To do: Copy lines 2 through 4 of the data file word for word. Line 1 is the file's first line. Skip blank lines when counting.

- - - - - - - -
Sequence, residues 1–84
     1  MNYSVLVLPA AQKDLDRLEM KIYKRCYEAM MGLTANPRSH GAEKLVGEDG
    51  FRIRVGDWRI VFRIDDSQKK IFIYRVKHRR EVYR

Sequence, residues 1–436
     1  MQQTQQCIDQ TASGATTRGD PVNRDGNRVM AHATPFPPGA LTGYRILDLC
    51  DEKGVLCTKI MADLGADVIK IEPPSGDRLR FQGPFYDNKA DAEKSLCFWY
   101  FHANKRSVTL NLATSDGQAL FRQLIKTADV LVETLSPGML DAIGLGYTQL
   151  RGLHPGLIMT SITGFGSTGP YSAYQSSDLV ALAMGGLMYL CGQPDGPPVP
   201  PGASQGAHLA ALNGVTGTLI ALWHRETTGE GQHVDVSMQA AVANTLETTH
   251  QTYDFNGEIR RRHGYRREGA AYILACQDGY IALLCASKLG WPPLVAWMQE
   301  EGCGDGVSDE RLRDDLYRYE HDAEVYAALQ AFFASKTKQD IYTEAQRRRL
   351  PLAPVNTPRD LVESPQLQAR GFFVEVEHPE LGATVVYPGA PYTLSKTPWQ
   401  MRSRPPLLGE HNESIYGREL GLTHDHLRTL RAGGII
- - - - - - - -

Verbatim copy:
     1  MNYSVLVLPA AQKDLDRLEM KIYKRCYEAM MGLTANPRSH GAEKLVGEDG
    51  FRIRVGDWRI VFRIDDSQKK IFIYRVKHRR EVYR

Sequence, residues 1–436